Psychiatric Naturalism and the Dimensions of Freedom: Implications for Psychiatry and the Law
October 01, 2007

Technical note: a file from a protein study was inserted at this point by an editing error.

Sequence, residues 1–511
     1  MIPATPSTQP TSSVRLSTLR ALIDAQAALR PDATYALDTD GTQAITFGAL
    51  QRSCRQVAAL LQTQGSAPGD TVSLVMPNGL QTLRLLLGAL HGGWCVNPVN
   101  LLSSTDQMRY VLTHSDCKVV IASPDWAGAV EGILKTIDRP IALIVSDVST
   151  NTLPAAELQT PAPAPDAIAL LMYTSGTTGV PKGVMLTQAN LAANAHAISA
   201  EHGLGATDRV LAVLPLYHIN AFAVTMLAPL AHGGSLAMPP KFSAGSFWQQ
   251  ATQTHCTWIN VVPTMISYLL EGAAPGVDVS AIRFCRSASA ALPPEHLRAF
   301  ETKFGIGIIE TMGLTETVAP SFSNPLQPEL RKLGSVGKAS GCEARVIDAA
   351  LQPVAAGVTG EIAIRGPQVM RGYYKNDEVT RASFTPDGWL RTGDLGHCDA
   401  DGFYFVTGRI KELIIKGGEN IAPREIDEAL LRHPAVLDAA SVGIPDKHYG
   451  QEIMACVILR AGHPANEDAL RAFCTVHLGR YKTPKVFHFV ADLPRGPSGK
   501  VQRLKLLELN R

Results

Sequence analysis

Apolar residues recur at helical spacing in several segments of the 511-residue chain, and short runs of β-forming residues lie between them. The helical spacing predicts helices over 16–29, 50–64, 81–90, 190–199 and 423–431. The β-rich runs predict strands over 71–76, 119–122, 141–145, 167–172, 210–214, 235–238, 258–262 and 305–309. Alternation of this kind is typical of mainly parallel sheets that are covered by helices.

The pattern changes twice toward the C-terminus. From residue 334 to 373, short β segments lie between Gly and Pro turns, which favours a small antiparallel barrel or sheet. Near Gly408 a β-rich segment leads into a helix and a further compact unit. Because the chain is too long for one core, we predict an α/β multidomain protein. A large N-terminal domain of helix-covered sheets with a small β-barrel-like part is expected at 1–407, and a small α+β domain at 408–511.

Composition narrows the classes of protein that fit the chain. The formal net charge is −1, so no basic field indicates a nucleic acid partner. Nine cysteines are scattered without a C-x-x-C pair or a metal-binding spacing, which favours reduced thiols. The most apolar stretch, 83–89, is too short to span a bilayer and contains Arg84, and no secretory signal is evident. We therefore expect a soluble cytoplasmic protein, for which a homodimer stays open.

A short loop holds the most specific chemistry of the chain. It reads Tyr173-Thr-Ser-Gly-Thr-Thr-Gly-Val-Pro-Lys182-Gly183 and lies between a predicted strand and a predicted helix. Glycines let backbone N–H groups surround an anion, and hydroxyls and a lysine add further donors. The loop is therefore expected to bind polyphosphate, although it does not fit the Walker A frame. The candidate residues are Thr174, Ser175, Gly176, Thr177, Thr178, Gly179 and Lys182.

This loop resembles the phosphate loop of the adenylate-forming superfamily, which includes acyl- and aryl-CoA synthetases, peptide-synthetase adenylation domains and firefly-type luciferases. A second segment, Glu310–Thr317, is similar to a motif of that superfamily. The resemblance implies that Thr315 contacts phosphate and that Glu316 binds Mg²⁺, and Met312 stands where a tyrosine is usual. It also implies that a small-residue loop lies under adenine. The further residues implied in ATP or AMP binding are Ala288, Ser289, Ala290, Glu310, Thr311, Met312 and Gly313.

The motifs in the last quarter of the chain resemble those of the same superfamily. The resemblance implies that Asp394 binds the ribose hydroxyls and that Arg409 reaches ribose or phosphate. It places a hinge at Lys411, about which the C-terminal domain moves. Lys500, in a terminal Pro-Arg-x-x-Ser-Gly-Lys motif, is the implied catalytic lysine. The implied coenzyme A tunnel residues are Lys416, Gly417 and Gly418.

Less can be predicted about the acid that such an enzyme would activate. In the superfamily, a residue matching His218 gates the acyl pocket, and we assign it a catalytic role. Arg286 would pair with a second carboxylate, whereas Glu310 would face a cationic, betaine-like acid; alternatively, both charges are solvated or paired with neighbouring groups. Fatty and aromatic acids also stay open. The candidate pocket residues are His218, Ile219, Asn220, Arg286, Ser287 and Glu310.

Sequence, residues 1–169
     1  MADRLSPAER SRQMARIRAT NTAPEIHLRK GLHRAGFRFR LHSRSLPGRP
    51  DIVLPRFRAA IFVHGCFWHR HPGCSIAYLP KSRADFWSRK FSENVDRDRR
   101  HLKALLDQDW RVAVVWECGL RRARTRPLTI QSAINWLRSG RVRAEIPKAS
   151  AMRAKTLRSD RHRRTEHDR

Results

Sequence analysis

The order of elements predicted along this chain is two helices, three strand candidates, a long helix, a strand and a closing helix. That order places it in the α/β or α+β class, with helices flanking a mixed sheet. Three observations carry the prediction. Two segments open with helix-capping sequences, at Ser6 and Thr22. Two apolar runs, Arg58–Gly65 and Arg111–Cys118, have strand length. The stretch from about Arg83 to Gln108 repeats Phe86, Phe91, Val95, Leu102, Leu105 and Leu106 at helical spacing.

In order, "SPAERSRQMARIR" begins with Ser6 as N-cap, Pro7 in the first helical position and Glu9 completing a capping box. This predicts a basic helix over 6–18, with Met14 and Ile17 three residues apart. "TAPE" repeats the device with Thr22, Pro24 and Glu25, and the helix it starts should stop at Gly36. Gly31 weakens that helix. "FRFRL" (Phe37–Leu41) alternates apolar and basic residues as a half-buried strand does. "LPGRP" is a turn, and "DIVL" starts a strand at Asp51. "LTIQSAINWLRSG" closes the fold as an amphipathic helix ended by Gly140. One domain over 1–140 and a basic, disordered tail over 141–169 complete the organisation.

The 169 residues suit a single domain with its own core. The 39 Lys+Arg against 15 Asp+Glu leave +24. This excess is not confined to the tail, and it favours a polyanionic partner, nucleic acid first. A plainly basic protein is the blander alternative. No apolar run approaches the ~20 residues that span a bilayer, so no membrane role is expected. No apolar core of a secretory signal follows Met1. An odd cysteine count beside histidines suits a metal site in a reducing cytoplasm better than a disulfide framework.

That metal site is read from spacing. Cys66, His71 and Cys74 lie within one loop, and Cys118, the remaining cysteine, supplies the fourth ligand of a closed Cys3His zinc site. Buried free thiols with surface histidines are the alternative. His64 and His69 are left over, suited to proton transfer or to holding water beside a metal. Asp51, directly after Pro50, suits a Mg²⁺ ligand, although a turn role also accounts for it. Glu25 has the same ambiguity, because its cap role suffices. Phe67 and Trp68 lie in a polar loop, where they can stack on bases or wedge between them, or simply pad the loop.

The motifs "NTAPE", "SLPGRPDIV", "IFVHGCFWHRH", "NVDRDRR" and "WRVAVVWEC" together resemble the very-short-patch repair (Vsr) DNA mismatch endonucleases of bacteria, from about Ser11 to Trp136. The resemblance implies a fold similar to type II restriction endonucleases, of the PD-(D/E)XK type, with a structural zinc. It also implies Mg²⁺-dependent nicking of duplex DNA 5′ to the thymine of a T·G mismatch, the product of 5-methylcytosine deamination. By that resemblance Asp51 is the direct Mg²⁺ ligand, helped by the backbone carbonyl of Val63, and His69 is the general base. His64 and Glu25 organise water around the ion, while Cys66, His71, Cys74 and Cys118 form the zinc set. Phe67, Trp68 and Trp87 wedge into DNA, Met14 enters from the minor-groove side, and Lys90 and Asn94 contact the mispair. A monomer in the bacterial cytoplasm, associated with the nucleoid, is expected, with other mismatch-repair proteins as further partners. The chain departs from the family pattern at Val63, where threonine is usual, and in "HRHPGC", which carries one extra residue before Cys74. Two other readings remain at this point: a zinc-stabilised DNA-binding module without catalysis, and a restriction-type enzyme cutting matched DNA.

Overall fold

In part 1 of this essay, I argued that individual freedom is not only compatible with determinism but dependent on it. I also argued that freedom is not an "either/or" condition. Rather, actions may be more or less free, and therefore, more or less "responsible," depending on a number of contingent factors, yielding various degrees of freedom. Psychiatrists, I suggested, can be most helpful in so far as we can describe, study, and categorize these degrees of freedom and the psychopathological conditions that undermine them. In part 2, I elaborate on the "naturalistic" model of freedom and autonomy and suggest how it may be applied to psychiatric disorders and medico-legal determinations of culpability.